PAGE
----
From BBC News England, 12 November 2011 (story by Maggie Dolan, BBC ‘Inside Out East' programme).
Thousands of disabled people who have been assessed under new government rules as fit for work are having the decision overturned on appeal.
BBC Inside Out East has found that of the 146,200 appeals that have been heard to date, 56,500 (more than a third), have been upheld in favour of the claimant.
Atos, the company carrying out the tests, called the Work Capability Assessment (WCA), is being paid £100m a year by the UK government.
Peter Reynolds from Linton in Cambridgeshire is one of thousands who believe they were wrongly assessed.
Two years ago he fell off a fork lift truck and is chronically ill.
He has problems with his lungs and his lymphatic system has stopped working.
He uses a wheelchair, needs constant care and has to wear a body suit all the time. He is in and out of hospital on a regular basis.
After his accident Mr Reynolds received sickness benefit but within weeks under new government rules he was asked to prove the extent of his illness.
He was assessed by Atos as being a suitable case to return to work.
He then went to the Citizens Advice Bureau (CAB) who organised a reassessment and he was evaluated as not fit for work.
His doctor has told him he will never work again.
Pebble Padfield, the CAB adviser in Cambridge who assisted Mr Reynolds, believes that the assessment process is flawed.
“I think it is undeniable that the onus of proof is on the claimant to show that they are not fit for work.
“How can somebody with chronic depression or with back pain have the confidence and the articulacy at that moment to prove their condition to that person,” she said.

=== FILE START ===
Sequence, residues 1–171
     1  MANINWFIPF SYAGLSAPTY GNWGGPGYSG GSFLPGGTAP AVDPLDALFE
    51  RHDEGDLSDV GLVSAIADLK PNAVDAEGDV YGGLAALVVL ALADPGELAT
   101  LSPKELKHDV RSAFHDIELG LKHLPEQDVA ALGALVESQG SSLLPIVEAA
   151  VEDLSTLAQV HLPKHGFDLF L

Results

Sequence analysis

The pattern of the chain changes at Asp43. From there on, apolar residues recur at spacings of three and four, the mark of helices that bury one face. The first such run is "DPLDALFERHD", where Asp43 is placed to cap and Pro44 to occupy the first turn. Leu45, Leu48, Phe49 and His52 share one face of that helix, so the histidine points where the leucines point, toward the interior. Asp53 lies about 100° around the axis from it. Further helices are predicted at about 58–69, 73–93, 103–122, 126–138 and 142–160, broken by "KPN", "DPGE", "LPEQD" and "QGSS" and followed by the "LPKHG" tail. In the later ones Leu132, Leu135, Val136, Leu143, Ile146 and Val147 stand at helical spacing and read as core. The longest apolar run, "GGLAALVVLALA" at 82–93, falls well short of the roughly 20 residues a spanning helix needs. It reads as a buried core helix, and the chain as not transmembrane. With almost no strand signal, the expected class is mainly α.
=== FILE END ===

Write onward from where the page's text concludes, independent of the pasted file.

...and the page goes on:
For someone like Mr Reynolds the tragedy is he would love to work if he could but his life is taken up with managing his illness.
“If I hadn't got all that is wrong with me I would bite anybody's hand off to give me a job.
“I would sooner be out in the work place doing a decent day's work than being in the mess I am in.”
Inside Out asked Atos to comment on the high number of incorrect assessments.
The company said it focused on quality and satisfaction but it was “recognised by all parties” that the number of appeals “is higher than would be liked” but the total number of appeals was just 7% of all the assessments it carried out.
The BBC asked the Department for Work and Pensions if it was satisfied with the way Atos was carrying out its contract.
It told BBC Inside Out the department would “continue to review and refine the WCA to ensure that it is more effective, fairer for all claimants and as a result fairer for the taxpayer”.
A new review of the benefit assessment is being undertaken by the government and should be published by the end of the month.
The full story can be seen in Inside Out in the East on Monday at 19:30 GMT.